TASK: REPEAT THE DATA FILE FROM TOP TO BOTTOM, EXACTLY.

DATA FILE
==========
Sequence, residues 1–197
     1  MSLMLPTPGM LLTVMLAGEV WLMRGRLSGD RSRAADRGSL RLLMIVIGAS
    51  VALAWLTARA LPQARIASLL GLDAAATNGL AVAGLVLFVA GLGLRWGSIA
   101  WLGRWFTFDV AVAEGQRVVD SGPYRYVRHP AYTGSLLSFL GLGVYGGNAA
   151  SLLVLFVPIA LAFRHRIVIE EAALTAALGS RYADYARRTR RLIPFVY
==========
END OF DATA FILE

Sequence, residues 1–197
     1  MSLMLPTPGM LLTVMLAGEV WLMRGRLSGD RSRAADRGSL RLLMIVIGAS
    51  VALAWLTARA LPQARIASLL GLDAAATNGL AVAGLVLFVA GLGLRWGSIA
   101  WLGRWFTFDV AVAEGQRVVD SGPYRYVRHP AYTGSLLSFL GLGVYGGNAA
   151  SLLVLFVPIA LAFRHRIVIE EAALTAALGS RYADYARRTR RLIPFVY